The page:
JOHANNESBURG — The Islamic State has claimed responsibility for a dayslong ambush of a port town in northern Mozambique last week that forced tens of thousands of people to flee the area and left dozens dead, including some foreigners.

An affiliate of the militant group has seized large swaths of territory, including another important port town, but the assault last week demonstrated a new level of boldness.

The attack on the town of Palma, Mozambique, was an alarming escalation of the war in the gas-rich province of Cabo Delgado, where insurgents with loose ties to the Islamic State have killed at least 2,000 people in a campaign of violence over the past three years.

In recent months, the local insurgency has grown in strength and seized large swaths of territory, including the region’s other main port town. Last week’s attack demonstrated a new level of boldness from the insurgents and was the closest the group has come to a multibillion-dollar gas project that is operated by international energy companies.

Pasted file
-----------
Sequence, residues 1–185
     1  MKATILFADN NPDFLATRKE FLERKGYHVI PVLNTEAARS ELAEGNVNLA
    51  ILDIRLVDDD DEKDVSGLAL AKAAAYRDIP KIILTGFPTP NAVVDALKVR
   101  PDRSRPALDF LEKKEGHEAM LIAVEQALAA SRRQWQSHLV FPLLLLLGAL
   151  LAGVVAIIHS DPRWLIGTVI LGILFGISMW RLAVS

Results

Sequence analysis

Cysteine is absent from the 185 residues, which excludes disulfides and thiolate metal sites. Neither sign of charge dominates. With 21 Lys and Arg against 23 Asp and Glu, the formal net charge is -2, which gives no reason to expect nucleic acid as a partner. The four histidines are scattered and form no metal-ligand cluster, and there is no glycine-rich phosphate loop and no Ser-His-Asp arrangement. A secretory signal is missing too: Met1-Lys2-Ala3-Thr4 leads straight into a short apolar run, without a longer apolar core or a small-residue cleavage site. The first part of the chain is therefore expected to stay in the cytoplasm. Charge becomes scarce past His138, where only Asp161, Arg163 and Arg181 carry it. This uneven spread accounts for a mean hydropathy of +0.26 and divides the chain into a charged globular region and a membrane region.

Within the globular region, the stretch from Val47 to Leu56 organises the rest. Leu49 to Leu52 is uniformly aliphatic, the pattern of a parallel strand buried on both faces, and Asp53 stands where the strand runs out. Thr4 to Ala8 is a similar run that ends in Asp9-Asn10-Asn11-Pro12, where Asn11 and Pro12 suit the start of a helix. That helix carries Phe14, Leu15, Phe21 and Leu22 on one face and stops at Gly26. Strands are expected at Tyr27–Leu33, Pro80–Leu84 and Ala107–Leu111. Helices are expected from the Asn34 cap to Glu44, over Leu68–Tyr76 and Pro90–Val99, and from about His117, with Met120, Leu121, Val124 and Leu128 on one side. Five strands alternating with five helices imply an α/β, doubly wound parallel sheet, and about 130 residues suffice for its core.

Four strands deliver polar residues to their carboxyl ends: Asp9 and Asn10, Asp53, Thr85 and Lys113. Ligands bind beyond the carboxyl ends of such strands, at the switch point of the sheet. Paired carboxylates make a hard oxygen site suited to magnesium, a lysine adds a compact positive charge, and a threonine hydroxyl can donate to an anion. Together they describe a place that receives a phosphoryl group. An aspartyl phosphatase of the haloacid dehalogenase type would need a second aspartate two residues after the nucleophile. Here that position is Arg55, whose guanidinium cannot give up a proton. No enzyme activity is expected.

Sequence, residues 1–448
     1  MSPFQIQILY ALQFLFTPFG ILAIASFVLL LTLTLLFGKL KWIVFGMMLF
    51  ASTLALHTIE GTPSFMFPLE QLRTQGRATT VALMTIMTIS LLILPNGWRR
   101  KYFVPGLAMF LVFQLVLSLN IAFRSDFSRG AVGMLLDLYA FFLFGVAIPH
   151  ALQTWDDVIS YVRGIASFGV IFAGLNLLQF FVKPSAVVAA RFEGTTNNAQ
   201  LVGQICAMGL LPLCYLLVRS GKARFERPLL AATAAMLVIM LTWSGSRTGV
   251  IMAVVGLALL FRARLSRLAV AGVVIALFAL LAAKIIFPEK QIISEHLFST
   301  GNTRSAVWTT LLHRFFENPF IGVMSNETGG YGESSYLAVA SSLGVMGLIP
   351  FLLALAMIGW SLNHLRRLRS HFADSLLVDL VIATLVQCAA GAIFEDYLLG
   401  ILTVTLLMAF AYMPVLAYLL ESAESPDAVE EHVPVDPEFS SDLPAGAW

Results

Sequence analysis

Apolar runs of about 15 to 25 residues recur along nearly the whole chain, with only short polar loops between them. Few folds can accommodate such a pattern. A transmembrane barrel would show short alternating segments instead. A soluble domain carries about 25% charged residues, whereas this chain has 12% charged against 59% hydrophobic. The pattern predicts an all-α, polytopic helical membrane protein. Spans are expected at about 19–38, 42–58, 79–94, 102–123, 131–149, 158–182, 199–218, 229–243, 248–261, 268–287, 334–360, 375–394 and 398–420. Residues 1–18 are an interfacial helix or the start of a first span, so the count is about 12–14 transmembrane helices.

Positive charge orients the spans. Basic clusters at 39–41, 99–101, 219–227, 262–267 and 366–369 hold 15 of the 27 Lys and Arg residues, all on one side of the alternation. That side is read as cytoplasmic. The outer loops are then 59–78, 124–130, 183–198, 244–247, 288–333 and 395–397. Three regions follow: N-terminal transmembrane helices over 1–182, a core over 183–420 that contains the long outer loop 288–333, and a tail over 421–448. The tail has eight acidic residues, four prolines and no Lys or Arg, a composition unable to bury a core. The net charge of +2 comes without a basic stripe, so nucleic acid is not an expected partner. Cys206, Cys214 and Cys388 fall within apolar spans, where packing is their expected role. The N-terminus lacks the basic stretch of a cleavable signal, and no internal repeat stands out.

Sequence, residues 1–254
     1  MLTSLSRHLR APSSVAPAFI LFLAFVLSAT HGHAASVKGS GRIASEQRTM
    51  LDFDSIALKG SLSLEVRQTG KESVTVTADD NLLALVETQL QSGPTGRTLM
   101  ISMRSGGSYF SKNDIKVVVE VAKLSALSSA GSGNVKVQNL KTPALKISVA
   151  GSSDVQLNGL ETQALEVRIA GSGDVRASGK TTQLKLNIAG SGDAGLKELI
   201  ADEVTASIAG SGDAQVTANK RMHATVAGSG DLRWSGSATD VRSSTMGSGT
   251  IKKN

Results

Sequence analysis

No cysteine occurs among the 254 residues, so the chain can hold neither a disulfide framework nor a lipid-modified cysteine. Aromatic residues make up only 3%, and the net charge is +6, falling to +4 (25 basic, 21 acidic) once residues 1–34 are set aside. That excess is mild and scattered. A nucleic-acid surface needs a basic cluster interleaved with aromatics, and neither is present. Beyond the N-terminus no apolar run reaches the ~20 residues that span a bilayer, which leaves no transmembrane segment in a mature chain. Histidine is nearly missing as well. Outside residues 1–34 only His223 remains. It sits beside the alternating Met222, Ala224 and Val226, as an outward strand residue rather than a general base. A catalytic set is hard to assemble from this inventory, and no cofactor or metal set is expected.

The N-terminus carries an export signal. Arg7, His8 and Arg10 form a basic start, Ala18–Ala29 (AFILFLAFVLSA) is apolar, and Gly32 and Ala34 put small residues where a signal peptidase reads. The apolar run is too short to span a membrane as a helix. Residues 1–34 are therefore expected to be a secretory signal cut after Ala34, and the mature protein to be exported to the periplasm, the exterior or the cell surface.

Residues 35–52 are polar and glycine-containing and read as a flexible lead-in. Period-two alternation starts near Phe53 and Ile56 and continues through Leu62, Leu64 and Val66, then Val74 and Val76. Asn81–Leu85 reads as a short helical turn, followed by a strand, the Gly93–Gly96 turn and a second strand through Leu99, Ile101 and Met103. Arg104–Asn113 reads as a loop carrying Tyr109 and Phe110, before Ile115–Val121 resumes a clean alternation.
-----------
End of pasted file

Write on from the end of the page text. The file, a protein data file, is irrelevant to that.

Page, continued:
Few analysts believe that the Islamic State in the Middle East maintains a close relationship with the insurgency, which was born out of frustration over local grievances and shares few of the Islamic State’s ideological aims. But claiming responsibility for the deadly attack underscores the organization’s ability to leverage loose ties with militant groups around the world to create the impression of a truly global struggle.

The Islamic State claimed on Monday that more than 55 people — including Mozambican army troops, Christians and foreigners — were killed in the ambush carried out by its local affiliate, the Islamic State Central Africa Province, according to the SITE Intelligence Group.

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